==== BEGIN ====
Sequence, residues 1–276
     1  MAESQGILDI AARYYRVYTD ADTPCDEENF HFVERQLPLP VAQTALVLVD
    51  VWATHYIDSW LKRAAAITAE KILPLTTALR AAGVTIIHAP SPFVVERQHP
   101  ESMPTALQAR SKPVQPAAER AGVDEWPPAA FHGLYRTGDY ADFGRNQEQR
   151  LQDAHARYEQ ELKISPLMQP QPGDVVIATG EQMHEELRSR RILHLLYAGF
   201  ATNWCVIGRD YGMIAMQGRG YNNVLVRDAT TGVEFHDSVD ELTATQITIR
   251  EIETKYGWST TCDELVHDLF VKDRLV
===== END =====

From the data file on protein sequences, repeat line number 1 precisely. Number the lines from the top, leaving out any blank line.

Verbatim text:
Sequence, residues 1–276